Thanks for joining us for the virtual book club on A Monster Calls by Patrick Ness. It’s easy to participate. Just read the book and then at your own convenience, add your thoughts to the comments section. You can respond to any of these discussion questions—or just say what you thought of the book.
And as a bonus, I’ll give away a free book to one lucky commenter!
This book was suggested to me by the same person who recommended A Man Called Ove. She has never steered me wrong when it comes to the literary decisions of life, so I tend to pull out a pen whenever she starts talking books. This book was out of my typical genre, but it didn’t disappoint. I’ve already recommended it to several people who are dealing with loss or grief at some level.
Discussion #1: The power of story
From the outset, this book is about grief and loss—the real monsters in the book. But it wasn’t a downer like I was expecting: it felt real and fresh and even witty at times, while not minimizing grief. One thing I really liked was how Conor dealt with his grief through stories:
Stories are important. They can be more important than anything. If they carry the truth.
How have stories helped you deal with something difficult in your life? Are there certain kinds of stories that tend to bring healing for you?
Discussion #2: Dealing with grief
I appreciated that Conor’s grief wasn’t sugarcoated or glossed over. It seems like as adults we sometimes try to protect kids from pain, and while this comes from a good motivation, it means that they end up stuffing their grief instead of dealing with it. As scary as the monster seems at first, he is the one who ultimately helps Conor unleash the truth about his feelings.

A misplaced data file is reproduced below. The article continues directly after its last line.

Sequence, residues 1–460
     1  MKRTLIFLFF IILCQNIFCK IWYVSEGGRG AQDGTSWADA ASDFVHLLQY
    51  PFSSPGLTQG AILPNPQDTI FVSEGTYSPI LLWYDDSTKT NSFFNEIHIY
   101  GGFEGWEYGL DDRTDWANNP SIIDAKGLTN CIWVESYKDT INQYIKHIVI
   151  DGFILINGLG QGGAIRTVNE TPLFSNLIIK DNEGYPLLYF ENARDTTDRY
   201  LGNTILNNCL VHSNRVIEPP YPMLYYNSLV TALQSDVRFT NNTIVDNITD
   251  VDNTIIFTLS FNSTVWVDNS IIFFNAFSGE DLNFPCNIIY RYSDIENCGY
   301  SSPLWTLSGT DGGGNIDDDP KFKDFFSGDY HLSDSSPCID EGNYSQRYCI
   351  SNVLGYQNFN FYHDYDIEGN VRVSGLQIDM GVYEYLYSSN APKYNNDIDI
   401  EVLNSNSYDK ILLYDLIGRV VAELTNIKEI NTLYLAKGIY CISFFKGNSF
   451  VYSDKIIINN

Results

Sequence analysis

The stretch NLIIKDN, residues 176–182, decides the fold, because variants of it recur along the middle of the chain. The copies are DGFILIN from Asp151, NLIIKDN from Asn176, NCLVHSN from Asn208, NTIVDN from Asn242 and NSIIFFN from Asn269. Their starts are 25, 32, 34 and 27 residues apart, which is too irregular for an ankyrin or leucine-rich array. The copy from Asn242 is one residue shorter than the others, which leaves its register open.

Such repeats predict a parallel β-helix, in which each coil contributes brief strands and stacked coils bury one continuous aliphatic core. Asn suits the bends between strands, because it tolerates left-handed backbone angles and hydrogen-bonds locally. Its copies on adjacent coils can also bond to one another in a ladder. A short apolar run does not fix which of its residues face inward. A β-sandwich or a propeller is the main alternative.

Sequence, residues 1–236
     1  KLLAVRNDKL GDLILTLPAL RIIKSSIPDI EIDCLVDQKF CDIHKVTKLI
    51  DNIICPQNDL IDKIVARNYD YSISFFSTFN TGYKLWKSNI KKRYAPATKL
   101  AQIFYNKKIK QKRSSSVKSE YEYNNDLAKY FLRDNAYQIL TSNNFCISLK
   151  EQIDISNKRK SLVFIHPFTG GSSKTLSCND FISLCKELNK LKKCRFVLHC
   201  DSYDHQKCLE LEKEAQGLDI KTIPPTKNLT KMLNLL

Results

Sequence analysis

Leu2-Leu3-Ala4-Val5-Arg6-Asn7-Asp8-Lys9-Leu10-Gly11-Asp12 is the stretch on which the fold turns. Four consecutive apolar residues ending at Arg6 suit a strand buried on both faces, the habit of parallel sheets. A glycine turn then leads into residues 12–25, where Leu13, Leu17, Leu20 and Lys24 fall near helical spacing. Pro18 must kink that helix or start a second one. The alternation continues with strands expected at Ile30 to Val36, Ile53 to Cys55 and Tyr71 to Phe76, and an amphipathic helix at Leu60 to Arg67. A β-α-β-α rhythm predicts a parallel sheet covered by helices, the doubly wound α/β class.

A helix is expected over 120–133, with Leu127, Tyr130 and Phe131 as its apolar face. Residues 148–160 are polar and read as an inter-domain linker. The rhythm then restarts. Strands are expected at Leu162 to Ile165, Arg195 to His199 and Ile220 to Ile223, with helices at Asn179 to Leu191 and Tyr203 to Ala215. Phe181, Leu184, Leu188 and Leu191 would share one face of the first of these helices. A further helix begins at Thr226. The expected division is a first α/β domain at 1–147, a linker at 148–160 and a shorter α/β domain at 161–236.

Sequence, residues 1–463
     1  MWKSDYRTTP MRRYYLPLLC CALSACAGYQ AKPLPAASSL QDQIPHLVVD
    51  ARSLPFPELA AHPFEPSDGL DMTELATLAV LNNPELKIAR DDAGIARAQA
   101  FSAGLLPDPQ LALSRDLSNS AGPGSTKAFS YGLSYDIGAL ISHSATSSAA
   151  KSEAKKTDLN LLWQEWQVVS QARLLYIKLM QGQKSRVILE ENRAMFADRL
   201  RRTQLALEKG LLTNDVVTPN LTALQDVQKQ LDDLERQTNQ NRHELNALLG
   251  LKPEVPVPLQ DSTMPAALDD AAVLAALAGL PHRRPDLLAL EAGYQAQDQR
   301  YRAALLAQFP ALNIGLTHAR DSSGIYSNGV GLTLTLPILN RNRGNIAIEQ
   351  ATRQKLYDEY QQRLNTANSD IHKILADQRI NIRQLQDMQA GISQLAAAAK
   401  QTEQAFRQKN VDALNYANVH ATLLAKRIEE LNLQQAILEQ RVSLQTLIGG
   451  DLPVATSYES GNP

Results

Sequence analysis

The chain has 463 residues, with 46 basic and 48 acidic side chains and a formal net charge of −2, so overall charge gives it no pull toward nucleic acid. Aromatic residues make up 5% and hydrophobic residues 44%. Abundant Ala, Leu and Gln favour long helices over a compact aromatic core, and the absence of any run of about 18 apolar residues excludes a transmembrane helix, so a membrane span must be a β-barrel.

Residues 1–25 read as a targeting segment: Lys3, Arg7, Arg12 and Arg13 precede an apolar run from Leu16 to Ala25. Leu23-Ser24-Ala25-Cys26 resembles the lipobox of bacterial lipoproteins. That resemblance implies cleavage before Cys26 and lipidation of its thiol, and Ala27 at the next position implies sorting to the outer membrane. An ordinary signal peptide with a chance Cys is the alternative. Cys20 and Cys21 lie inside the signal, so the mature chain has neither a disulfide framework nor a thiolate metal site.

There is power in speaking the truth. We must tell the truth in order to heal.
Are you someone who tends to deal with hard situations head on, or do you lean more toward denial or anger? What “monsters” have helped you face the truth about how you’re feeling?
Discussion #3: Knowing when to let go
One of the things that tortures Conor most about his mother’s death is that he feels guilty for letting her go—for simultaneously wishing she’d live and wanting to be free from the pain of living in the not-knowing.
I didn’t mean to let her go! And now it’s for real! Now she’s going to die and it’s my fault!
When have you had to let go of something or someone? What conflicting feelings did you have about that . . . not wanting to lose them but also wanting the suffering to be over?
Discussion #4: Writing someone else’s book
I found it fascinating that another author, Siobhan Dowd, came up with the idea for this book first and then Patrick Ness ended up writing it. Dowd came up with the concept for the novel during her own terminal illness but died before she could write it, and an editor who worked with both authors arranged for Ness to write the story. Patrick says he had a lot of freedom to make the book his own:
I always say it felt like a really private conversation between me and her, and that mostly it was me saying, “Just look what we’re getting away with.”
If you were writing a book and weren’t able to finish it, would you want someone else to complete the project for you?
I thought this book was a fascinating study on loss, and the characters all seemed real and live to me. I just discovered that there’s a movie out based on the book, and I’d be interested in seeing it. I’d give the book four stars.
How many stars would you give the book (out of five)?
Remember: I’ll give away a free book to one lucky commenter!